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Diseases of the skin are important and often preventable conditions occurring among workers with dermal exposures to irritant and sensitizing agents.
We conducted this analysis to assess the associations between metalworking exposures and current, persistent skin symptoms among male and female participants in two population-based epidemiologic studies.
We pooled data from the European Community Respiratory Health Survey II (ECRHS II) and the Swiss Cohort Study on Air Pollution and Lung and Heart Disease in Adults 2 (SAPALDIA 2), two prospective cohort studies in Europe. Participants each completed interviewer-administered questionnaires to provide information about symptoms and exposures related to selected occupations, including metalworking, during the follow-up periods. We assessed associations between skin symptoms and the frequency of metalworking exposures among 676 ECRHS II/SAPALDIA 2 respondents.
Current skin symptoms were reported by 10% of metalworkers and were associated with frequent use, defined as 4+days/week, of oil-based metalworking fluids (prevalence ratio (PR): 1.76, 95% confidence interval (CI): 1.25, 2.49) and organic solvent degreasing agents (PR: 2.06, 95% CI: 1.21, 3.50).
Skin symptom prevalence is associated with increasing frequency of oil-based metalworking fluid and degreasing agent use. Our findings justify assessing strategies for reducing the frequency of metal-related exposures.
Diseases of the skin, including contact dermatitis, eczema and urticaria, are important and often preventable diseases occurring in workplaces with dermal exposures to irritant and sensitizing agents. Metalworking has been identified a high-risk occupation for irritant contact dermatitis [1–5], and particularly for hand or forearm dermatitis. Industry-based epidemiological research indicates that components of metalworking fluids and solvents may be the key exposures associated with skin symptoms .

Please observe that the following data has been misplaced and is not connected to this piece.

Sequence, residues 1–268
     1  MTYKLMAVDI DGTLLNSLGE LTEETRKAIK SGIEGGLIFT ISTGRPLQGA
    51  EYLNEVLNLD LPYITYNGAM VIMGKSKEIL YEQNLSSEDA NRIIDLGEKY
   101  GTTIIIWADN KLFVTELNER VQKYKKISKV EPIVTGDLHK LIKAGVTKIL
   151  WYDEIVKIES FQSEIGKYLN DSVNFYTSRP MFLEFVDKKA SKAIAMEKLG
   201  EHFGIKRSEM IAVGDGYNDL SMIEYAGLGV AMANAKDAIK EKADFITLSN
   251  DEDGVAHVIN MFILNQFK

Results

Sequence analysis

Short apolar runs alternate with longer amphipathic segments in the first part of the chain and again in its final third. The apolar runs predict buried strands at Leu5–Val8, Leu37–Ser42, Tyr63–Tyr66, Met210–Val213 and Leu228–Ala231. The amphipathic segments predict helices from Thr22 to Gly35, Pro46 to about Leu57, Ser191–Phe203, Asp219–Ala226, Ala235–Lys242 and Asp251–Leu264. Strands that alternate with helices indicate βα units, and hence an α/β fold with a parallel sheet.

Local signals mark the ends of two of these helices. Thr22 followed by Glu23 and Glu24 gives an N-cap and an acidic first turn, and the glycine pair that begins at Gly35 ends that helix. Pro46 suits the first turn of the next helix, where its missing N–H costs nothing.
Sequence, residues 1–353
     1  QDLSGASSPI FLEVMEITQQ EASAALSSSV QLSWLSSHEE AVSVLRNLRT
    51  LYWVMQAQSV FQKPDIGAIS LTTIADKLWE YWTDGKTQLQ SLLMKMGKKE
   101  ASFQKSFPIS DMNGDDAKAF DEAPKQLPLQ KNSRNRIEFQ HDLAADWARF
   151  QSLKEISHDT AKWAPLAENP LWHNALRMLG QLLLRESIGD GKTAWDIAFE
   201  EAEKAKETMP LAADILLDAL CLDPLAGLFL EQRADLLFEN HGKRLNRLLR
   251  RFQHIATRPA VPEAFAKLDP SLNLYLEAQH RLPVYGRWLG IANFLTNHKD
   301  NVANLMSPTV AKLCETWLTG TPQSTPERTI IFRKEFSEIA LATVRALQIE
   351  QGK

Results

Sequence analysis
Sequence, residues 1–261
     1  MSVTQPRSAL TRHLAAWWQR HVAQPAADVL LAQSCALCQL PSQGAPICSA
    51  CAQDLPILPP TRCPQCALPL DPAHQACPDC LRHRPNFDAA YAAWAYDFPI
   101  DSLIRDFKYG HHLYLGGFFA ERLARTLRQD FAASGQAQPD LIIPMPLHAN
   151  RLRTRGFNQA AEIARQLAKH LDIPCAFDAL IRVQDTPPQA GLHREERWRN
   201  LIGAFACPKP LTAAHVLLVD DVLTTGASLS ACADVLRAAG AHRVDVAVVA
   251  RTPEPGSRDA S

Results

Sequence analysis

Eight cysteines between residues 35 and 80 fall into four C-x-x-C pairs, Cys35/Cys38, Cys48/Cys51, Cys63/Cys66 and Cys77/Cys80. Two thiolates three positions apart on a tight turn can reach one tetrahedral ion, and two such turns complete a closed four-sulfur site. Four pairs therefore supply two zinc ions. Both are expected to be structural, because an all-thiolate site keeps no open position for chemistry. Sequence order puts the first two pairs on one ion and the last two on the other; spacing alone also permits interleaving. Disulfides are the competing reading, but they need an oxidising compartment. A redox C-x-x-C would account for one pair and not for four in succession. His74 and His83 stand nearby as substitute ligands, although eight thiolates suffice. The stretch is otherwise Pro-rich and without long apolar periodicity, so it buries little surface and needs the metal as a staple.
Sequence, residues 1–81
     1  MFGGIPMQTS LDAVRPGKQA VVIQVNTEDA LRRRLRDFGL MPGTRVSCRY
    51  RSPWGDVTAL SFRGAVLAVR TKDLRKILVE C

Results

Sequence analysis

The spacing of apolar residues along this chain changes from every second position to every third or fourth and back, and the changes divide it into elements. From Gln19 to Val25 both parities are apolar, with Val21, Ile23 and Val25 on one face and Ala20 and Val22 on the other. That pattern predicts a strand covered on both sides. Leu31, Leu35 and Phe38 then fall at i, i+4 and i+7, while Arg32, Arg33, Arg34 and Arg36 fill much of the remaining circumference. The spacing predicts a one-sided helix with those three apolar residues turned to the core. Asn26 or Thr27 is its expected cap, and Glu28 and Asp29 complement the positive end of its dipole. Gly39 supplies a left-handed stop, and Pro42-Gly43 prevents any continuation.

We conducted this analysis to assess the associations between metalworking exposures and skin symptoms among participants in the European Community Respiratory Health Survey II (ECRHS II) and Swiss Cohort Study on Air Pollution and Lung and Heart Disease in Adults 2 (SAPALDIA 2) studies. Existing evidence for an association between metalworking exposures and occupational dermatoses is strong and thus our analyses build on previous evidence by assessing the prevalence of skin symptoms with increasing frequency of exposure among male and female participants of two international population-based epidemiologic studies
The ECRHS is a prospective population-based cohort study of respiratory health among adults living near 28 study centres in 13 countries. The study design and methods have been described previously [7–9]. Summarized briefly, the ECRHS is a longitudinal study with a fixed cohort; initial survey of the population began in 1991 (ECRHS I) and in 1998–1999 follow-up of the cohort included an occupational survey component for 22 centres located in 10 European countries (ECRHS II). Comparable baseline (SAPALDIA 1) and follow-up (SAPALDIA 2) protocols were followed in 8 centres in Switzerland for the SAPALDIA study [10,11]. Data collected from participants in the two cohort studies are easily pooled for a joint analysis (e.g., Chinn et al. 2006 ). The questionnaires completed by participants in each study contained a screening questionnaire to determine whether respondents would complete one or more of the seven occupational modules included in the follow-up surveys. The occupational modules, including one module addressing metalworking occupations, were designed to collect information about specific work-related exposures encountered in jobs held at any time during the study follow-up periods. Institutional Review Boards at the participating study centres approved the study protocol and instruments and participants provided written informed consent.